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The IMF Chief Economist Sees a Threat to World Economies From a Liquidity Trap

In the Financial Times from November 2 2020, the IMF chief economist Gita Gopinath suggested that world economies at present are likely to be in a global liquidity trap. Gopinath has reached this conclusion because the yearly growth rate of the price indexes has been trending down despite very low interest rates policies. According to the IMF chief economist, central banks have lowered interest rates to below 1 percent and in some countries interest rates are at present negative. In the framework of a liquidity trap, it is held that the ability of central banks to stage an effective defense against various economic shocks weakens significantly. So how then can one resolve the problem of the central banks inability to produce the necessary defense of the economy?

A possible way out of the liquidity trap suggests Gopinath, is to employ aggressive loose fiscal policy. This means an aggressive government spending in order to boost the aggregate demand.

According to Gopinath,

Fiscal authorities can actively support demand through cash transfers to support consumption and large-scale investment in medical facilities, digital infrastructure and environment protection. These expenditures create jobs, stimulate private investment and lay the foundation for a stronger and greener recovery. Governments should look for high-quality projects, while strengthening public investment management to ensure that projects are competitively selected and resources are not lost to inefficiencies.

Furthermore, according to Gopinath,

The importance of fiscal stimulus has probably never been greater because the spending multiplier — the pay-off in economic growth from an increase in public investment — is much larger in a prolonged liquidity trap. For the many countries that find themselves at the effective lower bound of interest rates, fiscal stimulus is not just economically sound policy but also the fiscally responsible thing to do.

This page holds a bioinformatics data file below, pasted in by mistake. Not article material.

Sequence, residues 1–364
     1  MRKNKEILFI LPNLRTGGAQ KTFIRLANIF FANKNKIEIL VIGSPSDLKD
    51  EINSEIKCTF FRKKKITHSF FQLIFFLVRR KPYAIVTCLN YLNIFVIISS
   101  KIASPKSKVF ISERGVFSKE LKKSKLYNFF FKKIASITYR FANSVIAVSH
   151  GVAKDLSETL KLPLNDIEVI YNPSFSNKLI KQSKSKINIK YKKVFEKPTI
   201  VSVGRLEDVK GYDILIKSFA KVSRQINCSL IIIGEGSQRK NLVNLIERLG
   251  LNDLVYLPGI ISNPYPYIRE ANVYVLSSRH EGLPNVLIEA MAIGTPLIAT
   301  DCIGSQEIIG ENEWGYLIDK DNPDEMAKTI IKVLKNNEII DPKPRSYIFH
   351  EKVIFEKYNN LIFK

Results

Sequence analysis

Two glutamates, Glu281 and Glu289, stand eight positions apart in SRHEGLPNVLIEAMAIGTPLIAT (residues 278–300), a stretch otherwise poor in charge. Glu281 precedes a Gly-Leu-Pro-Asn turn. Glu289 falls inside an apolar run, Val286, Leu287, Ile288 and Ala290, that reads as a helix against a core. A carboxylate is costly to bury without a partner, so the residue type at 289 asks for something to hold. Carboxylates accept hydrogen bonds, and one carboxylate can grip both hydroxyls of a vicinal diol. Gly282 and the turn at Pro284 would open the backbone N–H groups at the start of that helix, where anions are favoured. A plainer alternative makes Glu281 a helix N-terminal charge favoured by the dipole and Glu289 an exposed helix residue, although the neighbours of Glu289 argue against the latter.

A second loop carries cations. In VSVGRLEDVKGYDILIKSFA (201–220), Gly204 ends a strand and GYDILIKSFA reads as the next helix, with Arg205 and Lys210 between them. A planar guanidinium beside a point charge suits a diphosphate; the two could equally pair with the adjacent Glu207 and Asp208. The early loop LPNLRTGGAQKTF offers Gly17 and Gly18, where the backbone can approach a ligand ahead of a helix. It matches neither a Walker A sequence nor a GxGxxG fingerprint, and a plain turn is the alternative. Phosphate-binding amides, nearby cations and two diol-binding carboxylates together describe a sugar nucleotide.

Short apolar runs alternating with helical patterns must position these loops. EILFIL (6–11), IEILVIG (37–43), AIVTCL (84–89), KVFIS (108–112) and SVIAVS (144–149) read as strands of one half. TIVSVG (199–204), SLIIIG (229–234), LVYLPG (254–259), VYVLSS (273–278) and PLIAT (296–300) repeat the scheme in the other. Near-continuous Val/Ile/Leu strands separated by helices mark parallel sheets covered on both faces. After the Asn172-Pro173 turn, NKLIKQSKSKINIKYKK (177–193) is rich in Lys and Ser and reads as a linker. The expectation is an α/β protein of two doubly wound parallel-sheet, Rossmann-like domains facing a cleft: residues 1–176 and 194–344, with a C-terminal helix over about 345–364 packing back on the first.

…click on the above link to read the rest of the article…

The Bank of England’s Governor Fears a Liquidity Trap

The Bank of England’s Governor Fears a Liquidity Trap

The global economy is heading towards a “liquidity trap” that could undermine central banks’ efforts to avoid a future recession according to Mark Carney, governor of the Bank of England. In a wide-ranging interview with the Financial Times (January 8, 2020), the outgoing governor warned that central banks were running out of ammunition to combat a downturn:

If there were to be a deeper downturn, more than a conventional recession, then it’s not clear that monetary policy would have sufficient space.

He is of the view that aggressive monetary and fiscal policies will be required to lift the aggregate demand.

What Is a Liquidity Trap?

In the popular framework that originates from the writings of John Maynard Keynes, economic activity is presented in terms of a circular flow of money. Spending by one individual becomes part of the earnings of another individual, and spending by another individual becomes part of the first individual’s earnings.